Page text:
You’ll want to work on your strengths, learn new skills, and build up your portfolio.
Now’s a good time to figure out what field you’ll like to work in when you graduate if you haven’t already.
Build your portfolio according to your interests and strengths.
Read my article on 7 Ways You Can Build Your Portfolio in School, so that you can stand out from the crowd!
Important: If you ever give up on your GPA, don’t neglect or not participate in your group projects.
Connections are extremely important after you graduate. It can take you to places.
You don’t want to have a bad reputation that will affect any of your possible future opportunities.
Furthermore, you don’t want it on your conscience when your group project mate isn’t able to enter university because his CGPA was brought down by the group project.
Always put yourself in others’ shoes and you’ll maintain good connections.
No one wants to be labelled as ‘the kid who does nothing’ and become ostracised.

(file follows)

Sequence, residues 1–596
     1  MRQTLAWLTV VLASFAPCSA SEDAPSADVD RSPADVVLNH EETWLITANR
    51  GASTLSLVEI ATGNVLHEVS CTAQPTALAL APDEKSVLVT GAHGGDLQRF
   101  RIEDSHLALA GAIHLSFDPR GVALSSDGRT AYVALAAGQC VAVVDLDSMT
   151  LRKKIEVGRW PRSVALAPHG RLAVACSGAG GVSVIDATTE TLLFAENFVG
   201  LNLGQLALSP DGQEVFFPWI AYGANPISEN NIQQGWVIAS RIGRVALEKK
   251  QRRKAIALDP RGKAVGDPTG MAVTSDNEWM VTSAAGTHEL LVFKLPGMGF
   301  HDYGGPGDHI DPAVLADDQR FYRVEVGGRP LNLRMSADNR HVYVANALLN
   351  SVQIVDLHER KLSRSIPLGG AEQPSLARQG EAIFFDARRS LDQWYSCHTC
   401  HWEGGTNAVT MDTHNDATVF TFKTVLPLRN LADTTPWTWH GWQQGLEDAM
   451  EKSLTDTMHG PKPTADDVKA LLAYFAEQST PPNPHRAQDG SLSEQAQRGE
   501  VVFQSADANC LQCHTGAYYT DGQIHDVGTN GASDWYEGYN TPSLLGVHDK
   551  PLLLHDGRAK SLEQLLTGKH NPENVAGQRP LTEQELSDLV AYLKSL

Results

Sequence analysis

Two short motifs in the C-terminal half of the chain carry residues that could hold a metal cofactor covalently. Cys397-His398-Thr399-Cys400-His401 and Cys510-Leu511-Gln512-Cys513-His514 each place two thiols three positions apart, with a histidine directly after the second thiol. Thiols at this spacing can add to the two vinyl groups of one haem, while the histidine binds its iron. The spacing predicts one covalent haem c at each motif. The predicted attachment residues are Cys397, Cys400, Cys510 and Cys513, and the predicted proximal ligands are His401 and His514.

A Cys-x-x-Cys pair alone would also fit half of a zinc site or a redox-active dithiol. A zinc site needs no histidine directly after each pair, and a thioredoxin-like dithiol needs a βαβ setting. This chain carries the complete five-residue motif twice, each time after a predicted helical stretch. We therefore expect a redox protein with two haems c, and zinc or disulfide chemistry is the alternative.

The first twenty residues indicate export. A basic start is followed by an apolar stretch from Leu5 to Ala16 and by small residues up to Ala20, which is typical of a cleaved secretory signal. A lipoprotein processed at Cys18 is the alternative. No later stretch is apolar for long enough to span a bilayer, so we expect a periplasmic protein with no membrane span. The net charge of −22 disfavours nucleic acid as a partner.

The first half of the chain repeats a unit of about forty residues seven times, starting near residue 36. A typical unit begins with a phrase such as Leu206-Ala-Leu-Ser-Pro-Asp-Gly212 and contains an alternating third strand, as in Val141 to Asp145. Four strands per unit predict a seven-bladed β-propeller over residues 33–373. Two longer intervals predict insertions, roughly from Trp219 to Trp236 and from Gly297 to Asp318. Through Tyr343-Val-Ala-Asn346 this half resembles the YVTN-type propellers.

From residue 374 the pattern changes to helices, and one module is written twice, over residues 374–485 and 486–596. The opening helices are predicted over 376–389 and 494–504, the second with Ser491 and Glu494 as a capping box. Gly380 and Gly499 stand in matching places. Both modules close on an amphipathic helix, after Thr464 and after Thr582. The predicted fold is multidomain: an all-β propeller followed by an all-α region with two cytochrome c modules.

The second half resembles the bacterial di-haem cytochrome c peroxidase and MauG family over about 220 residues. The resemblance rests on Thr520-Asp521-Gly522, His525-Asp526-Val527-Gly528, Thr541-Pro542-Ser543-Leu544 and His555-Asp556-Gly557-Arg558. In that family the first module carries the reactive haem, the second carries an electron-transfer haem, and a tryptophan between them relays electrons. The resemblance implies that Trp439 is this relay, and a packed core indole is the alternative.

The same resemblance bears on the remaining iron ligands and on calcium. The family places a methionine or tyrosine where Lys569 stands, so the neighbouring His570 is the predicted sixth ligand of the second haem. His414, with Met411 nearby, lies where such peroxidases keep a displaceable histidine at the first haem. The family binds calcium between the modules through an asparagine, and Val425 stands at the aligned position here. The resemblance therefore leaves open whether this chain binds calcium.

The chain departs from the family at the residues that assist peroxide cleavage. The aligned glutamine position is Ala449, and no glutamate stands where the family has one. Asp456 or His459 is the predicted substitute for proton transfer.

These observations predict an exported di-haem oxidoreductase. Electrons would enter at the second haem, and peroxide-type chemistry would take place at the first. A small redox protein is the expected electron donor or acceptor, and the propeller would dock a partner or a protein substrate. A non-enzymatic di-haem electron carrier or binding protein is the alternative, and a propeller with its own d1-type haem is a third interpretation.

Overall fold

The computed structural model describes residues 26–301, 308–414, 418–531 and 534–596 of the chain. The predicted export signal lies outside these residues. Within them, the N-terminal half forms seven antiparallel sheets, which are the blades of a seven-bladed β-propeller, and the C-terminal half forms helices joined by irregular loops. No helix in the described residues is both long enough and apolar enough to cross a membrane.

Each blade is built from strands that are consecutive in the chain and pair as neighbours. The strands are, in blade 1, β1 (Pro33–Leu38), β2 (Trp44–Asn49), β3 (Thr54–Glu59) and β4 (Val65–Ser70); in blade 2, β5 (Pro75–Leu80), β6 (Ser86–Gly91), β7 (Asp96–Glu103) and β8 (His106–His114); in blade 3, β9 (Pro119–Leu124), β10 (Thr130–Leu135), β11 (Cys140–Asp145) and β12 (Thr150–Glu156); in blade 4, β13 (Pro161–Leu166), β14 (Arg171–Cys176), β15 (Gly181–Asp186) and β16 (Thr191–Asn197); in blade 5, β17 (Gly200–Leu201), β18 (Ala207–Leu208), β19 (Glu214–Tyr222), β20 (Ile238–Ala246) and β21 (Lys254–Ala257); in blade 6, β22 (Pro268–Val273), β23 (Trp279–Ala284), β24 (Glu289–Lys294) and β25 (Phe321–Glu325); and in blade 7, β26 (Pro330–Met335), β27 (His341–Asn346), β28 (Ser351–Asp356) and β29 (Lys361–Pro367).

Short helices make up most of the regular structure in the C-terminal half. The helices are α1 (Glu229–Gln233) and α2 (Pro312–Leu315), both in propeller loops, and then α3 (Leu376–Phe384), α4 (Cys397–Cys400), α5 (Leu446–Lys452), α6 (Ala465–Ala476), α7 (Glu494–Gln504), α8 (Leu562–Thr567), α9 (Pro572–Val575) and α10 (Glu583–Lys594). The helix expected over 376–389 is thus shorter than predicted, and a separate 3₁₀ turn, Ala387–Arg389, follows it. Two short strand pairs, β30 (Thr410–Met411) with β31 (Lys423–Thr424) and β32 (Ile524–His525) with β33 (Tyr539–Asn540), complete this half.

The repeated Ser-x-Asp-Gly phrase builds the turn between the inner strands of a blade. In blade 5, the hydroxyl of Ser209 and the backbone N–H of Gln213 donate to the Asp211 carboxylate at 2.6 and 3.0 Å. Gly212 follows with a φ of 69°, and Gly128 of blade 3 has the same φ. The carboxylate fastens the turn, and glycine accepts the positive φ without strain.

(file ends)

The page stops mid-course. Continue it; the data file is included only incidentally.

My Personal Experience
In my first semester of Polytechnic, I scored a GPA of 3.6. This may seem high for some, but it was rather low for me as my course (Business) was extremely competitive.
I remember I couldn’t even get an interview for a scholarship until I increased my GPA and improved my portfolio in my final year.
Find Out What Works For You
I subsequently changed my environment for studying (studied in school and with friends). I also started to join CCAs, participate in external competitions, started businesses, and took on leadership roles.
With a good portfolio and a decently high GPA of 3.8188 (no diploma with merit), I finally managed to obtain a scholarship in my final year of poly.